Royal Scots Greys 1815 Waterloo Medal sold in 22nd April Medal Auction
23rd April 2015
The year 2015 is the 200th Anniversary of the Battle of Waterloo and the end of Napoleon Bonaparte’s rule of France. The most iconic British unit for this pivotal battle in European history is the Royal Scots Greys. The 1815 Waterloo Medal named to George Willett, 2nd or R.N. Brit Reg Drag (the full title unit was 2nd Royal North British Regiment of Dragoons) was offered for sale in the Warwick and Warwick 22nd April medal and militaria auction, realising £6,195.
George Willett was wounded during the famous charge of the Royal Scots Greys at the Battle of Waterloo. During the early afternoon of the battle, a column of French infantry was threatening the centre of the British line and pressing Pack’s infantry brigade. The Commanding Officer, Lieutenant Colonel Hamilton on his initiative ordered the Scots Greys forward and this movement restored the confidence and rallied the wavering British infantry. The Scots Greys then fell upon the French infantry column and putting it to flight with Sergeant Charles Ewart capturing the Eagle Standard of the 45th Regiment. The Scots Greys became disorganised after routing the column and instead of reforming, they continued their advance deeper into the French lines. The next French infantry they encountered had time to form squares and scythed the Scots Greys down with musket fire. Some of them moved on to attack some French artillery, but their horses were now exhausted and they were no longer a cohesive unit. They were counter charged by French lancers and cuirassiers and the Scots Greys and the rest of the Union Brigade were harried back to the British lines suffering heavy casualties. It was during this counter charge by the French Lancers that George Willett was wounded, receiving a lance wound in his back and was further injured by his horse falling on him. At Waterloo the Scots Greys suffered 104 killed and 97 wounded and lost 228 horses.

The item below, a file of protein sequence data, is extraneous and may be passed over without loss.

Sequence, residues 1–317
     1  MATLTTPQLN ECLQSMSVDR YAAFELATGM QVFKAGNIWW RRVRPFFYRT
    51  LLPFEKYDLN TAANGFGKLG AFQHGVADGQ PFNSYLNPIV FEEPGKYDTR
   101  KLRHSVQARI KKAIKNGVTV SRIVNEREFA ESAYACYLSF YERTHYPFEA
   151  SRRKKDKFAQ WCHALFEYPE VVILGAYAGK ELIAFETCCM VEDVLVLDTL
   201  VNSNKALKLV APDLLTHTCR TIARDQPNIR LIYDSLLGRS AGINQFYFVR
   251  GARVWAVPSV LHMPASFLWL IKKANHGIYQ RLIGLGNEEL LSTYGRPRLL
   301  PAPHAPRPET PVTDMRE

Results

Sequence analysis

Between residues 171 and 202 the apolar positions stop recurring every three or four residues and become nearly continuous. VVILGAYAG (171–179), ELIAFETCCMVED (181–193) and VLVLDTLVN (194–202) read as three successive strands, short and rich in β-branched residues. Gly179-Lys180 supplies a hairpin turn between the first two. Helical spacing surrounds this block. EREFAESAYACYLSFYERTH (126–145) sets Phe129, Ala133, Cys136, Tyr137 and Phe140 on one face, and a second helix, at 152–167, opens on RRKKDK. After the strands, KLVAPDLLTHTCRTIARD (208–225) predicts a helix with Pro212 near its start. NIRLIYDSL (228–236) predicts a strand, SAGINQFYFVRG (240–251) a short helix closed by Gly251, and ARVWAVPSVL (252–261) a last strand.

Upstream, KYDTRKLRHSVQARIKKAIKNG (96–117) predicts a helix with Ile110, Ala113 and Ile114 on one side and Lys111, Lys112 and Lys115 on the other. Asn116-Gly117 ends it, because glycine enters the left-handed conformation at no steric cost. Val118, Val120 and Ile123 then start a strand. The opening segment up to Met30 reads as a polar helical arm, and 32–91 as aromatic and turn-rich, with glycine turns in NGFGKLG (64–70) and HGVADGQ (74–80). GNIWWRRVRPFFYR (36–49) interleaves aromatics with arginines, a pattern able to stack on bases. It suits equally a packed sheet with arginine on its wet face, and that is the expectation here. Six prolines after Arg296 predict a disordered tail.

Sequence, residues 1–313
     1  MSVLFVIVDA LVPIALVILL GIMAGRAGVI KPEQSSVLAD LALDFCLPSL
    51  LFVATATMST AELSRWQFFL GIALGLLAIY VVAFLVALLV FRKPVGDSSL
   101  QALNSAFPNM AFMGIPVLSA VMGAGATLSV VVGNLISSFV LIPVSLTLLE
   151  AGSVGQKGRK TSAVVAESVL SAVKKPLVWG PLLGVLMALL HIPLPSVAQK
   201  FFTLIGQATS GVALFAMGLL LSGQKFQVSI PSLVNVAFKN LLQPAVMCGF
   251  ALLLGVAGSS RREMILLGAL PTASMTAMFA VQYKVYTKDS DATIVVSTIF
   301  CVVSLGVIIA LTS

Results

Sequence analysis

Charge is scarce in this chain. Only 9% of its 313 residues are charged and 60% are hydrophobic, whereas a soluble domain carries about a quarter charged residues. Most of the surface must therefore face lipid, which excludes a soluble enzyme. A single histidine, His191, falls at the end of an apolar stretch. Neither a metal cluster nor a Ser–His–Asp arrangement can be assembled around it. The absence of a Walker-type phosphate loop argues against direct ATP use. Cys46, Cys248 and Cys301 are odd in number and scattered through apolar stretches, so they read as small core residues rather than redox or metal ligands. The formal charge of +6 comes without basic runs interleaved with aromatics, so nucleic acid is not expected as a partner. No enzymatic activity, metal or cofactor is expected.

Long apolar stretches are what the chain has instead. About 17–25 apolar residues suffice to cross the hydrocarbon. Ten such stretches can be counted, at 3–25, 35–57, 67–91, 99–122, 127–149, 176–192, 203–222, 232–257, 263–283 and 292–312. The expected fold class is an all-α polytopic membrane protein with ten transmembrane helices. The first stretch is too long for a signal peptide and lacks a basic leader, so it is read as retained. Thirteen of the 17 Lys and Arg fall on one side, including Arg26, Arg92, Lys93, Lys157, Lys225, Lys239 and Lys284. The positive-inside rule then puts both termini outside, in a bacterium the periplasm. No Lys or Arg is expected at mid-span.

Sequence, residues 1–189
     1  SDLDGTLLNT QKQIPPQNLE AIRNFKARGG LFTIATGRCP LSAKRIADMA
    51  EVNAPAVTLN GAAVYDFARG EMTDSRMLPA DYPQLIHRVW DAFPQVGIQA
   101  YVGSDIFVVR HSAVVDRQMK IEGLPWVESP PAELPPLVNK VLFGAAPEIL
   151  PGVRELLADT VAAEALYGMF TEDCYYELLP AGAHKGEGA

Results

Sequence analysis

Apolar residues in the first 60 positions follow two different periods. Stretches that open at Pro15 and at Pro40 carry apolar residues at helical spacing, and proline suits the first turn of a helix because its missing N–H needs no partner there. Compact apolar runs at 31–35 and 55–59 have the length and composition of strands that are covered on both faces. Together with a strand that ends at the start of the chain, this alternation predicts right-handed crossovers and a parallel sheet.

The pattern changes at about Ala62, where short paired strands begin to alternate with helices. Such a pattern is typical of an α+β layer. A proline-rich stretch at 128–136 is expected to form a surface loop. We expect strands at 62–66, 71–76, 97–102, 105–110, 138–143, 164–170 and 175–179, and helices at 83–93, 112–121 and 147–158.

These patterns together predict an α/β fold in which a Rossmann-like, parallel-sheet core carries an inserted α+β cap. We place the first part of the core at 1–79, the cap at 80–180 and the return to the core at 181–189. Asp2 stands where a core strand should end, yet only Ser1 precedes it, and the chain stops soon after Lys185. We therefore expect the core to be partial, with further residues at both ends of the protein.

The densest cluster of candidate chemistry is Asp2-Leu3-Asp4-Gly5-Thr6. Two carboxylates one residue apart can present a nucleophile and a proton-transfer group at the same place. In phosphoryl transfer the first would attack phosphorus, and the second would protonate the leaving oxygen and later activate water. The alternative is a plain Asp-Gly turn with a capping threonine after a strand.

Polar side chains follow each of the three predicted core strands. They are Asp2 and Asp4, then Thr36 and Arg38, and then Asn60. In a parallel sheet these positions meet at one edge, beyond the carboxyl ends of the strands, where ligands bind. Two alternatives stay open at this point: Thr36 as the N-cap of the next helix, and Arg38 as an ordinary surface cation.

George Willett was born in Nantwich circa 1893, he enlisted on the 31st July 1811 and was discharged on the 24th June 1839 at Ballincollig in Ireland having served 27 years, 309 days. He also received a pension uplift of an additional 2 years for his service at Waterloo. He sadly did not live long to enjoy his retirement, where he appears to have been employed as the Master Tailor to the regiment while they were stationed at Ballincollig. He died on 28th January 1840 and is buried in the British Military Graveyard, Ballincollig, where his headstone still remains. A scarce casualty medal to the most iconic unit at Waterloo.
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